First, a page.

British studbooks have the opportunity to “step up to the plate” as more breeders will register foals with UK organisations this year.
H&H reported last year that breeders would only be able to register British-bred horses with foreign studbooks that had been granted an extension of breeding territory from Defra under a new requirement following Brexit (news, 8 April 2021). Defra said studbooks would only be approved if there was not a UK equivalent. Of 106 that applied, seven were approved including the Holsteiner Verband, Cheval Comtois, and Menorca Horse.
Oldenburg Pferde and the Selle Français studbooks told H&H they were rejected. An Oldenburg spokesman added that breeders may still present Oldenburg and non-Oldenburg horses for licensing and mare performance tests, if they travel to Germany.
A Defra spokesman said Oldenburg did not formally appeal the rejection, and applications are still welcome from EU studbooks.
“The rationale not to allow the Oldenburger studbook to extend was to ensure the UK breeding programme was not compromised by a lack of genetic diversity. The population size of a breeding programme is key to its success,” he said.
“Not allowing a breeding programme to extend into the UK does not prohibit anyone from continuing to breed and freely trade that animal with EU breeders. The only change is those animals must be registered and passported by the equivalent UK studbook.”
World Breeding Federation for Sport Horses vice-president Eva-Maria Broomer, who is also a head evaluator for the UK Anglo European Studbook (AES) told H&H there are a number of possible solutions including foreign studbooks opening daughter studbooks in the UK. Defra could also apply to the EU Commission for Article 35 of the Animal Health Law, which would grant the UK equivalent measures to animal breeding in third countries – so extension of breeding territories could continue – but this application can take two years. Defra told H&H it is “still considering” whether an Article 35 application would benefit breeders.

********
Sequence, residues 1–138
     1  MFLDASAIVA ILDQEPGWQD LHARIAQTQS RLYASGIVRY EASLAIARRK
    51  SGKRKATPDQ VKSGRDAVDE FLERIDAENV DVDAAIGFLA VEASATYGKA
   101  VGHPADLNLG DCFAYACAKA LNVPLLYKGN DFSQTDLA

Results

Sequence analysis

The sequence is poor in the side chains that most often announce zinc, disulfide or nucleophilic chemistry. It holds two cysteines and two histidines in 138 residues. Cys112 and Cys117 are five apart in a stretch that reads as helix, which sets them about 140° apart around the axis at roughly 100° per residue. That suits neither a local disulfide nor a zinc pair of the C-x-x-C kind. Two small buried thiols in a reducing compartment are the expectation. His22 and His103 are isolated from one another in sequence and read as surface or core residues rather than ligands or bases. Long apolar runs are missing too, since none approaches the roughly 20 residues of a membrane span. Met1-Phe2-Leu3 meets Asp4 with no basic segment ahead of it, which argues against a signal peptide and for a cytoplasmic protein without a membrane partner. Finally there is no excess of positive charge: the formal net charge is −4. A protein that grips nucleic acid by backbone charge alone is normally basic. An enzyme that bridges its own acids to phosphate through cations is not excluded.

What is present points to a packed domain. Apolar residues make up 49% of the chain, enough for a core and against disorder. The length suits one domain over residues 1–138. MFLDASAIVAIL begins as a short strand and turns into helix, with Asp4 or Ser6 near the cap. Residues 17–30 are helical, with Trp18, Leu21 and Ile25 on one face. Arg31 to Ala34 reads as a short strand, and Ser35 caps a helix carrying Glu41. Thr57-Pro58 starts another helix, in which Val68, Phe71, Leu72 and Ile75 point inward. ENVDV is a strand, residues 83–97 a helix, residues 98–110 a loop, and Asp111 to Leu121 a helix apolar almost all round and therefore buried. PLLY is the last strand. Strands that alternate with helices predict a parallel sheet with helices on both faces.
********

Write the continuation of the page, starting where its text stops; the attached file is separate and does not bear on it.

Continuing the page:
The Oldenburg spokesman said the organisation had considered a daughter studbook, but does not have plans to do so at the moment, adding that a daughter studbook could be seen as inferior, which is not Oldenburg’s “aspiration”.
Dr Broomer said with more breeders using British studbooks, this is an opportunity for these studbooks to “step up to the plate”.
“Within AES UK we are working with KWPN – who can no longer register foals in the UK – and are able to offer the KWPN genetic analysis and screening, which is a positive thing to come out of this,” she said.
“The winners in the long term will be those who look for solutions. In AES we have looked at what foreign studbooks offer and are implementing everything we can, with the same standard of service. There are choices for breeders in terms of UK studbooks and it’s down to breeders to explore what’s on offer and what matches their requirements.”
Caroline Ironside of MFS Studfarm usually registers a number of foals with Oldenburg and told H&H she will now have to have all her mares graded with the British Hanoverian Horse Society.
“We have supported British studbooks before and I’m not taking anything away from them, but I like our stock assessed by the judges of the foreign studbooks and getting that seal of approval we’re breeding the same quality as in Germany – that feedback is invaluable,” she said.
The British Hanoverian Horse Society’s studbook manager Kate Eaton told H&H the organisation – a daughter society of the Hannoveraner Verband that also manages the British Rhineland Studbook – believes having more British-registered horses is positive.
“For us, this is a great thing because it means we’re getting more mares into the studbook. We use the same database as Oldenburg so we have access to the same pedigrees, DNA profiles and performance data – the only major difference between the passports is the logo on the front,” she said, adding that the studbook’s judges are trained in Germany by the Hannoveraner Verband, and regularly go there to refresh their training.
Ms Eaton added she believes 2022 is going to be an “exciting” year for the studbook.
“In addition to our regional shows, because of demand we are planning a UK-wide tour. Also when we do performance testing we will take horses from other studbooks, for example Oldenburg, so they can gain premium status in the UK – which is opening more doors for people.”
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